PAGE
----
The Time I Got Stung by a Wasp on Christmas
I grew up as the youngest of five children in a Polish household. My parents are both from Poland and emigrated here to the US in the early 1960s. The Polish holiday traditions were very strong in my house, as was being Roman Catholic. I grew up listening to Polish being spoken; though by the time I was born my parents spoke more English at home—but my oldest sister went to school with very few English words in her vocabulary. As a result, a lot of the American holiday traditions fell by the wayside. For example, I knew the story about Santa Claus. But I was never led to believe that an obese man actually shoved his way down our chimney to bring us presents. I knew the presents were from Mom and Dad, and my brothers and sisters and my aunts and uncles. Christmas was about the birth of Jesus, not about Santa.
We didn’t do the American Christmas morning, where the family gathered around the tree to see what Santa had brought. Instead we celebrated on Christmas Eve, then on Christmas Day we went to church. There was one Christmas Eve I remember from when I was five. We went to my Aunt Jessie and Uncle George’s house. They live in this gorgeous old Victorian house, that was a little drafty back then--as old houses are. I remember running up the L shaped staircase with my cousin Joanna, and we saw a wasp crawling around in the shag carpeting upstairs. It probably came in through a crack from the attic, and was probably pissed off that it was cold outside. We both ran back down the stairs after spotting the wasp, and instead climbed back onto their enormous coffee table to pretend we were ice skating.
After a few minutes of coffee table Ice Capades, I felt something tickling my shin, like something was crawling on it. I stepped down off the table and pulled up my pant leg. I didn’t see anything, gave my shin a scratch, and then lowered my pant leg. Right after I patted the pant leg into place I felt the sting on the front of my knee. I screamed, pulled my pant leg up and watched a wasp fly out of my pant leg. I clawed at the site of the sting and broke the skin.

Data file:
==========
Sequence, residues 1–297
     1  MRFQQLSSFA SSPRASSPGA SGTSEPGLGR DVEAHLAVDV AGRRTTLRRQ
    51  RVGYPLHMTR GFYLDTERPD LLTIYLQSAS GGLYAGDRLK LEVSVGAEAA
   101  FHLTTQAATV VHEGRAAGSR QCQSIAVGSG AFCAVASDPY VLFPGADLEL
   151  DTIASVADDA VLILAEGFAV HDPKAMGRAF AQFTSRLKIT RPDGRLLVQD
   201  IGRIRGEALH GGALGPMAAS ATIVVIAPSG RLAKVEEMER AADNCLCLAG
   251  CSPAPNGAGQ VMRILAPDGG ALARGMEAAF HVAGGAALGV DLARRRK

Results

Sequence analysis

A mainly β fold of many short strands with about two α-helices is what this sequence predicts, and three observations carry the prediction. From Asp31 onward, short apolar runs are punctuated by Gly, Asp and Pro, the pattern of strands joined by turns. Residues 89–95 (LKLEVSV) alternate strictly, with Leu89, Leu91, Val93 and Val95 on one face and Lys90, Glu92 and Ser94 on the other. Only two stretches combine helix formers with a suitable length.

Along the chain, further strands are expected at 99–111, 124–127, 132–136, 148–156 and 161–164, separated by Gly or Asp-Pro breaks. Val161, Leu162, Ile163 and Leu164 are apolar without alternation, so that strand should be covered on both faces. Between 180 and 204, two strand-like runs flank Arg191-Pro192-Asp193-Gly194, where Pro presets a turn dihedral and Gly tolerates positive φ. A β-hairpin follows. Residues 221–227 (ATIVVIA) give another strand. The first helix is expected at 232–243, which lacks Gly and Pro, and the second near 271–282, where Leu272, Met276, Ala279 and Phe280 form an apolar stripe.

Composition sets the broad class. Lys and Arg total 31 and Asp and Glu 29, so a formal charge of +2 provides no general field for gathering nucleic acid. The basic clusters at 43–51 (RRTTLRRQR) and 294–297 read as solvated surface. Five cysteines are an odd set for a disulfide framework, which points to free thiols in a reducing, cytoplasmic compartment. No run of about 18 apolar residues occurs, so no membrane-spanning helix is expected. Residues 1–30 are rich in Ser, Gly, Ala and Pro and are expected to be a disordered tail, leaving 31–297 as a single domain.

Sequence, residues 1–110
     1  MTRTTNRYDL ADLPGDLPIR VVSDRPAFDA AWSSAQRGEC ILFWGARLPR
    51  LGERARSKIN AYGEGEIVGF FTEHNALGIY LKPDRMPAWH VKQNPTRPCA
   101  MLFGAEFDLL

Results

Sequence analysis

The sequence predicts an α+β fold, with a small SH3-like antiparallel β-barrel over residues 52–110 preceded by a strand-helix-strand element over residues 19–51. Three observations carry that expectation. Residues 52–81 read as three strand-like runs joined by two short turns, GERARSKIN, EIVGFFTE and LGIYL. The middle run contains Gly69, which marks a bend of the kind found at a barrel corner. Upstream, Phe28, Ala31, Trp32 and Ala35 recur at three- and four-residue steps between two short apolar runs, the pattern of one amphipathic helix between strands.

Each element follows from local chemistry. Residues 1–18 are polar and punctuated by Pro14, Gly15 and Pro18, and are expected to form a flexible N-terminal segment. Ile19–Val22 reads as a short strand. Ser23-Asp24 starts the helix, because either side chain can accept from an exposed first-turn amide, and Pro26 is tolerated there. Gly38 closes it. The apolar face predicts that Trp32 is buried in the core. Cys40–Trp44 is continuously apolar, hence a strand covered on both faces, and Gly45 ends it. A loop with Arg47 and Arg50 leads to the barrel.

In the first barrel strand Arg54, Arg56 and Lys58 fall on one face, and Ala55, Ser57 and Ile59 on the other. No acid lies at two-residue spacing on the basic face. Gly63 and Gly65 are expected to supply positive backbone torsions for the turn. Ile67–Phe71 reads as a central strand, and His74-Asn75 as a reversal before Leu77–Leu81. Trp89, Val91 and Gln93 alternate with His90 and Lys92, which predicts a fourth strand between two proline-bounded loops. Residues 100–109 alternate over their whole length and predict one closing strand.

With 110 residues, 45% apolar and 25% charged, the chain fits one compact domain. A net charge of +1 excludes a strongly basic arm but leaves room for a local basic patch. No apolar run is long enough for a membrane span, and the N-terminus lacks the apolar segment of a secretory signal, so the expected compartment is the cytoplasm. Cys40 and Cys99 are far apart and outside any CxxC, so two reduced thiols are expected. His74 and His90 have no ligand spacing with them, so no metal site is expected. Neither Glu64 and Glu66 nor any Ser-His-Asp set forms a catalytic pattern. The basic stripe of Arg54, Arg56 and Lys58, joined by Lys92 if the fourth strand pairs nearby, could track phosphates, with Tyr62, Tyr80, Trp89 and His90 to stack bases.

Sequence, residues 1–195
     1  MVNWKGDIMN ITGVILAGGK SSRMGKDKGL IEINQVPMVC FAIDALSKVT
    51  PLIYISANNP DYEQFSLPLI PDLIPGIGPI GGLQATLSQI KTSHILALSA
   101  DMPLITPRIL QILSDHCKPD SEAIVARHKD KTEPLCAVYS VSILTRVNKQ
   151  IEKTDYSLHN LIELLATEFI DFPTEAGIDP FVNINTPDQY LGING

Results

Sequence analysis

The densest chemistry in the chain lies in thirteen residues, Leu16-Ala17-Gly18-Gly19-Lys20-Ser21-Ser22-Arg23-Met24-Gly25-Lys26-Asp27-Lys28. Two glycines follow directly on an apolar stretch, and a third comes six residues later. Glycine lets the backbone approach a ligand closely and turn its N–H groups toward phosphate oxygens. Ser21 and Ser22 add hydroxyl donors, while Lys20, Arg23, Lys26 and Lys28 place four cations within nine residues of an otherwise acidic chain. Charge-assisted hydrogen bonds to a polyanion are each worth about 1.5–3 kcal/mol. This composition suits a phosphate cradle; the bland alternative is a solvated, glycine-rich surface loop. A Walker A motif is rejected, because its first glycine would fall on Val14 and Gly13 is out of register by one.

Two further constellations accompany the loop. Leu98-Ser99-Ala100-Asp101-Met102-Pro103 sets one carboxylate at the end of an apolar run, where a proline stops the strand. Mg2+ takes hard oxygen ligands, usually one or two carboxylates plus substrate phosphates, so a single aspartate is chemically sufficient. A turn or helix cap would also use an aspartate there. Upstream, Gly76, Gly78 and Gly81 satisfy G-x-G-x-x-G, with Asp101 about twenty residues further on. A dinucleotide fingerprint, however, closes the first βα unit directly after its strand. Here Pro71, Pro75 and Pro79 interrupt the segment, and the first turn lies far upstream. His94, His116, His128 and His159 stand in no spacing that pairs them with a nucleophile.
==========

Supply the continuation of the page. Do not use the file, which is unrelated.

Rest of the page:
My Mom and Aunt Jessie came into see what I was screaming about. I vaguely remember one of them scooping me up and carrying me into the half bath just off the kitchen. Out came first aid supplies, and tissues, and that was the last thing I remember about being at Aunt Jessie and Uncle George’s house at Christmas. I suspect Aunt Jessie gave me a Benadryl in case of swelling around the sting, and I probably passed out on the couch as a result. And the Benadryl knocked me out like a roofie.
My sister Margaret was 19 at the time, and she drove me home after Christmas Eve dinner while the rest of my family went to Midnight Mass. It was just the two of us in her Chevy Monza, the snow scape in the moonlight went by in a bluish haze. Normally I’d be thrilled at having alone time with my cool oldest sister. She was in college and largely subsisted on Virginia Slims and coffee, and there was a cloud of smoke in the car, because back then nobody cared about second hand smoke. I am sure she was listening to The Stones on the radio, which I also loved because I wanted to be just like her. But I don’t remember much of that ride. We got back into the house, and I was still so groggy from being, presumably, doped up at Aunt Jessie and Uncle George’s house. She reached under our Christmas tree and pulled out the gift she’d gotten for me.
I ripped open the wrapping paper, and on the box was a picture of a coffee percolator. I tried very hard not to be disappointed. But I stared at the box and wondered what I, as a five-year-old, would do with a coffee pot. I supposed I could put it on the counter so my parents could use it, right?
“BJ, open the box,” she said to me. I snapped my head up from looking at the picture that promised me the perfect cup of coffee. She helped my clumsy hands peel back the tape. Wedged inside the box was a black and white stuffed dog, a beagle sized St. Bernard. It was the one that would eventually sleep with me every night, and go everywhere with me. I named him Bernard, and I used to chew on his nose. A year later my brother would yank the nose out of my mouth to keep me from ruining it, and my first tooth would come out with it.
I hugged it close to me and thanked her. She led me to my bed and got me into my pajamas, and I fell back into my hazy sleep.
added on 12.05.16